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121_Page 119Tuesday. 14.teenth of February.1843.
A deep snow storm, through the night.
The clouds still full of this necessary article.
A moderate atmosphere, not near as cold, as the last great snow.storm, the greatest of the season. We get up more punctual than formerly, at half past seven. Garret, looks, and feel much better, he has given up dieting, but drinks nothing exciteing. I cleaned out my little “pot pantry,” and washed all the China, Bridget assisted me. I broke a custard cup. “unfortunately!!
Remmy, was one cause of the accident. I cannot decide which to do this morning, whether to read, sew, or play on the piano. Mr H. gets before me in “Josephus”, as he often reads, while I am called off by some household duty, this makes a confusion in my brain, and will compel me to read them over myself. I wish to gain a clear view of this ancient history. Sent Simon up to Chelsea, he returned with a “Valentine,” for himself, and one for “Sis.” both written by “Aunt Cate.”Mr H. did not get up to dinner, untill we had all finished. He received a minute account from “Dr Wicks,” of their tedious journey home, which they accomplished after three days delay. They were all well, but fatigued with the over exertion haveing spent one night in the stage, rideing.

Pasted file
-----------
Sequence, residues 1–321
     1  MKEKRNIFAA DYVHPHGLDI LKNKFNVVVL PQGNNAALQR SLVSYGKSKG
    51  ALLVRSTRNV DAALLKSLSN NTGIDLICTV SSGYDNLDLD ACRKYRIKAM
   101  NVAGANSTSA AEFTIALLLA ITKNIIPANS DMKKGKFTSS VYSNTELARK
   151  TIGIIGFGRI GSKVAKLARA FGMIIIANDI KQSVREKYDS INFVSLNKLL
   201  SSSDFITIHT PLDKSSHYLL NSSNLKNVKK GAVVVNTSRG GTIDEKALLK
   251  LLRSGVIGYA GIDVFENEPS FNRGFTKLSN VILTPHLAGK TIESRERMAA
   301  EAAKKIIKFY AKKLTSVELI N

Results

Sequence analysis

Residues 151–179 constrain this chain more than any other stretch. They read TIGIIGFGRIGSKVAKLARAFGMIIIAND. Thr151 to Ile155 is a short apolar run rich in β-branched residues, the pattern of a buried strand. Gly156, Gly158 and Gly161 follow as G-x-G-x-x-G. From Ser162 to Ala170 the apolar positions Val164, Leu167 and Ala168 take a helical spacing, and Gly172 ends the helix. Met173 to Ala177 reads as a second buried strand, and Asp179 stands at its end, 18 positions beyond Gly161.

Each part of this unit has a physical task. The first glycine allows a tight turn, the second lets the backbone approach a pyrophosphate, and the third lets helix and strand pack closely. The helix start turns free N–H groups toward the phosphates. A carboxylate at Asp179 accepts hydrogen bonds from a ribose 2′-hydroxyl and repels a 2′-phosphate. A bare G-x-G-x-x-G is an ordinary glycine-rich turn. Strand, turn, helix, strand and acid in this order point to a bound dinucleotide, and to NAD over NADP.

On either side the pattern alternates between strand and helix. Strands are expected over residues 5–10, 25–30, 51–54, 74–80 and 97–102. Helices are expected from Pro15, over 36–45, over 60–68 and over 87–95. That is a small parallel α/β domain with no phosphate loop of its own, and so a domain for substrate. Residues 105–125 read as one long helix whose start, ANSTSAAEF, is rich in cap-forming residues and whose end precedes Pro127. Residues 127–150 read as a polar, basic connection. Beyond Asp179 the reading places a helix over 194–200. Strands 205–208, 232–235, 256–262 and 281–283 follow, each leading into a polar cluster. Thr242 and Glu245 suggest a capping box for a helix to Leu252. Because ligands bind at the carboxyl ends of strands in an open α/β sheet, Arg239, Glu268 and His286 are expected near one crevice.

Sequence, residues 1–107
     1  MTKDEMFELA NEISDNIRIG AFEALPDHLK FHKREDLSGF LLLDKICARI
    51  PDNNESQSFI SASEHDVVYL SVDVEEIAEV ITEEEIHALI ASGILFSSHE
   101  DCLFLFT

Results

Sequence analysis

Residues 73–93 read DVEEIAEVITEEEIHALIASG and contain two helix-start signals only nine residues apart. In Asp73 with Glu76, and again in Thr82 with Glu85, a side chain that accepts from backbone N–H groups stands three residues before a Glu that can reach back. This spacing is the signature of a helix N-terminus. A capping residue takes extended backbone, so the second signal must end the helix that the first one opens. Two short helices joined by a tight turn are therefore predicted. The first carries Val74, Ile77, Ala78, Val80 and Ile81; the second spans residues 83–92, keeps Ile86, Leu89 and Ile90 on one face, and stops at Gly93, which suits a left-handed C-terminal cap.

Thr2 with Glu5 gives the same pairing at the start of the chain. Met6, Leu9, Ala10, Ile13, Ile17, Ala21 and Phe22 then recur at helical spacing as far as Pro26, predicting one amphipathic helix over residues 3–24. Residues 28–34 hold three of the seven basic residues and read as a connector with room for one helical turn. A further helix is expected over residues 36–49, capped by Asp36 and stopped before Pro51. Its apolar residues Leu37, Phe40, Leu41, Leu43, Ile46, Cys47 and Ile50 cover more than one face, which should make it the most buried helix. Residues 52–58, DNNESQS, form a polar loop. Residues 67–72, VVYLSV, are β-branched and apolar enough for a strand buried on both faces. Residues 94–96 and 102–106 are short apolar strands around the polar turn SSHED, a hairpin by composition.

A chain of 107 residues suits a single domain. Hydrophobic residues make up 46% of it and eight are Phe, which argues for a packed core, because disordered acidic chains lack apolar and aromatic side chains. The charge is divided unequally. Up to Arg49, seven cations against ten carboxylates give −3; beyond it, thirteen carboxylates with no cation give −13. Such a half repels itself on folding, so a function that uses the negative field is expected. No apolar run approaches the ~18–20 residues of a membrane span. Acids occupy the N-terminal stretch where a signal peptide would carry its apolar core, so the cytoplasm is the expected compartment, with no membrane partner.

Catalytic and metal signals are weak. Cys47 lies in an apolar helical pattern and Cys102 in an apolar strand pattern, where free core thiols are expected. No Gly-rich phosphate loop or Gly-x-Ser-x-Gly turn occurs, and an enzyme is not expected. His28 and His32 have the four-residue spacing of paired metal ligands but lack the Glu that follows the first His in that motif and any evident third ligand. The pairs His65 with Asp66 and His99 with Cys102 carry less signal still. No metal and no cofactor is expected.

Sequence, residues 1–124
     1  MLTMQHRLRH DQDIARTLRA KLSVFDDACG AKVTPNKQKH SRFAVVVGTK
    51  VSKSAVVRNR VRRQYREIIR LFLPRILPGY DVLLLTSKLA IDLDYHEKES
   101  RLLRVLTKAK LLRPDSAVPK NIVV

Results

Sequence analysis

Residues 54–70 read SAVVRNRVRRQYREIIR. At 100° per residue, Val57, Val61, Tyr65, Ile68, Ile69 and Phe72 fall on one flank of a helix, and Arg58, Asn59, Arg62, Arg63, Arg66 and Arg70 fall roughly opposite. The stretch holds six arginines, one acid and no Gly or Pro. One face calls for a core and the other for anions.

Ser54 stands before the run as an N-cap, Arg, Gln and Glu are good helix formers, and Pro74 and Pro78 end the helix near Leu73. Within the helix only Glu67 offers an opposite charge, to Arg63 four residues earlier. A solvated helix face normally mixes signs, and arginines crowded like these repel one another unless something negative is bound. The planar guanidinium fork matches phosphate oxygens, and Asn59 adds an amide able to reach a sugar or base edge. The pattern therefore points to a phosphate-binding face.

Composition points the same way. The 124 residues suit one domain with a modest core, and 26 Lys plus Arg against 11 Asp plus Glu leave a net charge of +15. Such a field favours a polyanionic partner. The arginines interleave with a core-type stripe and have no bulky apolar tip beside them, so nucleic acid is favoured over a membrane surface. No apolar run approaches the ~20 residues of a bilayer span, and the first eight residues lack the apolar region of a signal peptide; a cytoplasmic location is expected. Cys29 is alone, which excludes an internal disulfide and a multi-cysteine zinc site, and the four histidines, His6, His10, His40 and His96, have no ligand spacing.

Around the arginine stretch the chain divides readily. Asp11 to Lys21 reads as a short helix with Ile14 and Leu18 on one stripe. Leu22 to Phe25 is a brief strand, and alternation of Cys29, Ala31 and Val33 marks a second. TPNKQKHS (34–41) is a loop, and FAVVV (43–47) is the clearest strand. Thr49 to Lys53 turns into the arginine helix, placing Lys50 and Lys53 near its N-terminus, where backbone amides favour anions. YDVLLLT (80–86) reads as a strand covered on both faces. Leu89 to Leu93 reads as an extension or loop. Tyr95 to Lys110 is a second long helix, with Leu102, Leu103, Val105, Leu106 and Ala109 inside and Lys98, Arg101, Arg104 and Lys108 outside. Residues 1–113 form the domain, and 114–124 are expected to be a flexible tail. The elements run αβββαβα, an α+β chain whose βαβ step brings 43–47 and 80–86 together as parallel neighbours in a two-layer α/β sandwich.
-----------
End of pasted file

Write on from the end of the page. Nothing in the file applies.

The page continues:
I was relieved to hear from them, and hope no bad consequences will result to Maria from this exposure. We hear our next door house is to be inhabited, this spring, this isvintage_valentine_card_1840_print-ra486ecbadbff48999cf99e84bc994630_aimfu_8byvr_512 good news. They are French people.
Sewed all the evening, and G. went on with Josephus. The clouds are full of snow, and occasionally sprinkle down a few [flurries] on our devoted heads.
I am very chilly, and look any thing but interesting. Was obliged to whip Remsen to.day, he grows tall and unruly. I must inspire him with fear, or he will master the whole house.

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